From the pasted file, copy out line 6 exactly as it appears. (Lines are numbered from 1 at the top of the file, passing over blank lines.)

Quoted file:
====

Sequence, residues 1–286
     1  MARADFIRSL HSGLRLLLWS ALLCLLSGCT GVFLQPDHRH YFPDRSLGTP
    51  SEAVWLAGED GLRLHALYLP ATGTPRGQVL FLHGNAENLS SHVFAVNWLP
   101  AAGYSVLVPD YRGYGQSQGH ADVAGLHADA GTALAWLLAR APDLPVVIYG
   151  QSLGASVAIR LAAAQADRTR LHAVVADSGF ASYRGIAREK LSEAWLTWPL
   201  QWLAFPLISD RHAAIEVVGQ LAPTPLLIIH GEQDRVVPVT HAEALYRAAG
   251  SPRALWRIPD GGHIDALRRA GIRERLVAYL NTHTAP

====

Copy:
   201  QWLAFPLISD RHAAIEVVGQ LAPTPLLIIH GEQDRVVPVT HAEALYRAAG